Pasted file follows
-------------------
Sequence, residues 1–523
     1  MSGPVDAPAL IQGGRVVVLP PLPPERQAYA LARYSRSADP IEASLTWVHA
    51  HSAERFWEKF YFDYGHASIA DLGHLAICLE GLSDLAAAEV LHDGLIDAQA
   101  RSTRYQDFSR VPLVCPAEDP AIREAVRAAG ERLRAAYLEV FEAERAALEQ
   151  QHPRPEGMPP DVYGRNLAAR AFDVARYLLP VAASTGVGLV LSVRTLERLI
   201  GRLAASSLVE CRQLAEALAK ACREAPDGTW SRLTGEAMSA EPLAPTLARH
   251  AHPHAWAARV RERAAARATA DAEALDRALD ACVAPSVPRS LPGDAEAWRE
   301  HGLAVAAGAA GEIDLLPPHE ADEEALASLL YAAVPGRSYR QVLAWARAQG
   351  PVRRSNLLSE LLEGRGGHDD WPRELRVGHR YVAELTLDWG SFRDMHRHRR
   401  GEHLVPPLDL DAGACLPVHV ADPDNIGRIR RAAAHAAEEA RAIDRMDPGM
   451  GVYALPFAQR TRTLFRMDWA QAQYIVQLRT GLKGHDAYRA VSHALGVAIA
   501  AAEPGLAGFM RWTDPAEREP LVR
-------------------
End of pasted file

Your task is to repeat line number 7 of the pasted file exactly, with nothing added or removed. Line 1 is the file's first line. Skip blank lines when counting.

   251  AHPHAWAARV RERAAARATA DAEALDRALD ACVAPSVPRS LPGDAEAWRE